2019 Bluffdale Earthquake Sequence FAQ

Seismicity near Bluffdale, Utah Feb 13- April 20

How many earthquakes have we had in the Bluffdale area?
The University of Utah Seismograph Stations (UUSS) has located 191 earthquakes that occurred in the Bluffdale, Utah, area from February 13 through April 20 (Figure 1).  The largest of these earthquakes was the magnitude (M) 3.7 mainshock that occurred at 5:09 am MST on Friday, February 15.  Of the remaining 190 earthquakes, 13 occurred before the M 3.7 and, in retrospect, are considered to be foreshocks.  The largest foreshock, and the only one larger than M 2.0, was an M 3.2 event that occurred seven minutes before the mainshock.   177 of the earthquakes are aftershocks.  The largest aftershock was an M 3.1 event that occurred on Saturday, February 23, at 2:31 am MST.  There have been eleven aftershocks of M 2.0 and larger, including the M 3.1. Only two aftershocks occurred from April 1 through 20.

Was the M 4.0 earthquake that occurred on Wednesday, February 20, near the town of Kanosh in Central Utah related to the recent Bluffdale earthquakes?
No, the February 20 M 4.0 earthquake in central Utah is not related to the Bluffdale earthquakes.  The distance between these areas of recent earthquake activity is more than 120 miles.  The M 3.7 Bluffdale mainshock was too small to trigger other earthquakes at such a large distance.

Are these earthquakes occurring on the Wasatch Fault?
Within the uncertainties in the data, it is possible that the Bluffdale earthquakes are occurring on the nearby Wasatch fault (Figure 3). However, it is also possible that they are occurring on a minor, unnamed fault. It is generally difficult to know for sure which fault an earthquake is on, due to uncertainties in the locations of both faults and earthquakes below the ground surface.  The main exceptions are when an earthquake is large enough for the fault displacement that caused the earthquake to break the ground surface and create a fault scarp.  In Utah, an earthquake usually needs to be larger than M 6.0-6.5 for a surface break to occur.

Do these small earthquakes make a big one less likely?
No, small earthquakes do not relieve enough stress buildup in the earth to reduce the likelihood of a large earthquake. In fact, every earthquake that occurs has a small, roughly one-in twenty, chance of being a foreshock to a larger earthquake within five days.  A “Larger” earthquake means any earthquake bigger than the one that just occurred, even if it is only 0.1 magnitude units bigger.  The probability of an earthquake being a foreshock to an earthquake that is one or two magnitude units larger is much smaller than one-in-twenty.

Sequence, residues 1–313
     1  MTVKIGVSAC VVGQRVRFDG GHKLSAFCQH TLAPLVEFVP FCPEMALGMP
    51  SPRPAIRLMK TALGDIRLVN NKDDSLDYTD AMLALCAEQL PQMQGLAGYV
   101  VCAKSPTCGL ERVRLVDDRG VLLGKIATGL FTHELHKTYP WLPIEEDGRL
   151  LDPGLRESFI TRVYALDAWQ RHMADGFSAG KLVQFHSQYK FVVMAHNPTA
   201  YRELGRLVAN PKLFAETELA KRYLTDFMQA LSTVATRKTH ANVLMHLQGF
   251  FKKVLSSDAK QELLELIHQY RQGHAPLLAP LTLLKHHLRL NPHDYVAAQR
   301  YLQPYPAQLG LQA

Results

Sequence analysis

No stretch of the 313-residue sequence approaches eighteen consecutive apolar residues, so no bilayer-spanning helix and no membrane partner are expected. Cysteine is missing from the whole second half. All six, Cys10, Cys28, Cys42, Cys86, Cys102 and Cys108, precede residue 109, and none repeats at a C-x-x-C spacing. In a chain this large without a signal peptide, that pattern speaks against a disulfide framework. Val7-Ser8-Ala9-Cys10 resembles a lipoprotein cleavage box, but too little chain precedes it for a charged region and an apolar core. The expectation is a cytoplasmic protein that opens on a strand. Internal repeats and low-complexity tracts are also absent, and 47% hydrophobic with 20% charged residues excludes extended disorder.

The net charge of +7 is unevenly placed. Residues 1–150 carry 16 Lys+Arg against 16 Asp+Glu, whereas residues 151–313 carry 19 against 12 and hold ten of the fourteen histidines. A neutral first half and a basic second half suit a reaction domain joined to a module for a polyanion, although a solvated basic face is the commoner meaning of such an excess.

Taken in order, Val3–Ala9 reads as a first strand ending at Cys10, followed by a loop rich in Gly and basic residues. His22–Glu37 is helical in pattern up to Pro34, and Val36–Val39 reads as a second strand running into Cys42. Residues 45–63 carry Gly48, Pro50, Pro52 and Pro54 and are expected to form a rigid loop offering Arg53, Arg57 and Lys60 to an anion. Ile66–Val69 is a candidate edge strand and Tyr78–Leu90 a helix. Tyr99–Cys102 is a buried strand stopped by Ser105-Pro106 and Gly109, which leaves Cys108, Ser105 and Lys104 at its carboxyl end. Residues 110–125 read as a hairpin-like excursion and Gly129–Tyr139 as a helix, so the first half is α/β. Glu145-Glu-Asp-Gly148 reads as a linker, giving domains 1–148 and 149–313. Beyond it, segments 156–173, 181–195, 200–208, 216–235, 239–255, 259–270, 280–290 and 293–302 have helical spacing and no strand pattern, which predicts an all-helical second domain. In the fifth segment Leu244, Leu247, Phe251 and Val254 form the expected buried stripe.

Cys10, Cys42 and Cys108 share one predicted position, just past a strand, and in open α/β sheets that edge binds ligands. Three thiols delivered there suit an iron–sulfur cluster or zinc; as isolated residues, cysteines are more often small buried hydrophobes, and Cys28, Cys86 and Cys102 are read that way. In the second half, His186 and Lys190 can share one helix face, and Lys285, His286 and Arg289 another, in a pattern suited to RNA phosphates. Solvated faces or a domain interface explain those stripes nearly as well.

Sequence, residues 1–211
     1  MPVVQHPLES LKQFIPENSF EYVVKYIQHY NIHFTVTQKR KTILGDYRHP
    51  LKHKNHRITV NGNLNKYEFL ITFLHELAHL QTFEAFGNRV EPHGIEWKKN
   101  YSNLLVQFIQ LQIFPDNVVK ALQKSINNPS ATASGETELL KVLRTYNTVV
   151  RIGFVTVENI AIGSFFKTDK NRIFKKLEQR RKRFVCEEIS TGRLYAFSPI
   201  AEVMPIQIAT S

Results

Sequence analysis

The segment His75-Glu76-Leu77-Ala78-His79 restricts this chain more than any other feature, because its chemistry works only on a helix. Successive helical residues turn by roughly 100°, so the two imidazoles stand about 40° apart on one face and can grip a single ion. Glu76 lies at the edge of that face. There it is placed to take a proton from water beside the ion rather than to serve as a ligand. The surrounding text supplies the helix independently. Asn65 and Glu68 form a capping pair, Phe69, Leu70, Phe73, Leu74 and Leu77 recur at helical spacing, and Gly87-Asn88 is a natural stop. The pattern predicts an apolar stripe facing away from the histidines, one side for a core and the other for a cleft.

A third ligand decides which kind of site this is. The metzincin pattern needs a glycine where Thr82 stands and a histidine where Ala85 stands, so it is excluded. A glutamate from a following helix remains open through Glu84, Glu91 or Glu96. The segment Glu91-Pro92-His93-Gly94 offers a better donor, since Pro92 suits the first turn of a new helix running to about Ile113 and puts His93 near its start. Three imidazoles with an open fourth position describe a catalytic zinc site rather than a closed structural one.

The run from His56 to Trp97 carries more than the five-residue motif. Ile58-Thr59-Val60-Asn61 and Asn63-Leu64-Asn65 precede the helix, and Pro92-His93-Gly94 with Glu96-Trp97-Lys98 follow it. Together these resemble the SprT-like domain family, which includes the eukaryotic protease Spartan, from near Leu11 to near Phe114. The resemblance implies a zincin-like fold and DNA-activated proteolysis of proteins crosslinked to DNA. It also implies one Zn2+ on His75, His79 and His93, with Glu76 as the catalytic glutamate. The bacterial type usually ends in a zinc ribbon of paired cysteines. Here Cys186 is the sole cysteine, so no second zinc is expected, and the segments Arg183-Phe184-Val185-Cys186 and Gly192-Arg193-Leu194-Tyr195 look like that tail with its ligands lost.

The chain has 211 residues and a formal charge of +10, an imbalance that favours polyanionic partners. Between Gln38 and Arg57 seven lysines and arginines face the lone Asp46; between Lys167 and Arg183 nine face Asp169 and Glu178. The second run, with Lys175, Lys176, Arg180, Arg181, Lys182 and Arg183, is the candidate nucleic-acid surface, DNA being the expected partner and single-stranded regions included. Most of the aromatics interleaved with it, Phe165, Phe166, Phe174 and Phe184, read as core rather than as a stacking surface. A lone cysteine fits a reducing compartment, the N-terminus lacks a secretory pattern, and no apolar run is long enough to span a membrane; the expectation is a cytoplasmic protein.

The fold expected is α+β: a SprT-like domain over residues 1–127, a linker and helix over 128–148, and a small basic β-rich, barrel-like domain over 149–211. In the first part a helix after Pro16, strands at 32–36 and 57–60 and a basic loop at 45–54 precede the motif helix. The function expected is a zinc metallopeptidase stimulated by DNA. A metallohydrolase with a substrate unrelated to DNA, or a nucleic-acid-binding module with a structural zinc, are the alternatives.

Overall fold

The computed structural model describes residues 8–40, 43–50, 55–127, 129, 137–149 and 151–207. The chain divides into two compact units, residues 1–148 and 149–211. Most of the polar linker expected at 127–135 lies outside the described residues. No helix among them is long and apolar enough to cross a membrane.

Are the recent Blufdale earthquakes unusual?
No, not in the context of statewide earthquake activity.  Small earthquakes occur every day in Utah, although most of them are too small or too far from population centers to be felt.  On the average, the Utah region has one M ≥ 4.0 earthquake per year and one M ≥ 3.0 earthquake per month, not counting foreshocks and aftershocks.  The 2019 Bluffdale earthquakes are within an east-west trending band of seismicity across the southern end of the Salt Lake Valley that has had earthquakes off and on since at least 1971, including events of M 4.1 in 1992 and M 3.2 in 2016 (Figure 3).  The recent earthquakes near Bluffdale serve as a reminder that Utah is earthquake country and a large, damaging earthquake could occur at any time. Therefore, everyone living in Utah should strive to be prepared for large earthquakes.

Historical Seismicity for the Bluffdale, UT area

What can I do to be prepared?
An excellent source of information on earthquake preparedness is the publication “Putting Down Roots in Earthquake Country”.

M 4.1 near Kanosh, UT

University of Utah Seismograph Stations
Released: April 13, 2019 11:55 PM MDT

The University of Utah Seismograph Stations reports that a light earthquake of magnitude 4.1 occurred at 9:59 PM on April 13, 2019 (MDT).  The epicenter of the shock was located near the Twin Peaks in the southern Sevier Desert, 11 miles east-northeast of the town of Black Rock, UT, and 18 mi west of the town of Kanosh, UT.  Two aftershocks occurred within the first hour after the M 4.1 earthquake, a magnitude 2.7 at 10:09 pm and a magnitude 1.7 at 10:32 pm.   Earlier this year on February 20, a magnitude 4.0 earthquake occurred 15 miles east of today’s earthquake and 5.5 miles south-southwest of Kanosh.  A total of 18 earthquakes of magnitude 3.0 to 4.0 have occurred within 16 miles of the epicenter of today’s event since 1962.

Anyone who felt the earthquake is encouraged to fill out a survey form on the US Geological Survey “Did You Feet it?” website.

M 2.4 felt near Saratoga Springs, UT

PRESS RELEASE

University of Utah Seismograph Stations
Released: April 10, 2019 09:45 PM MDT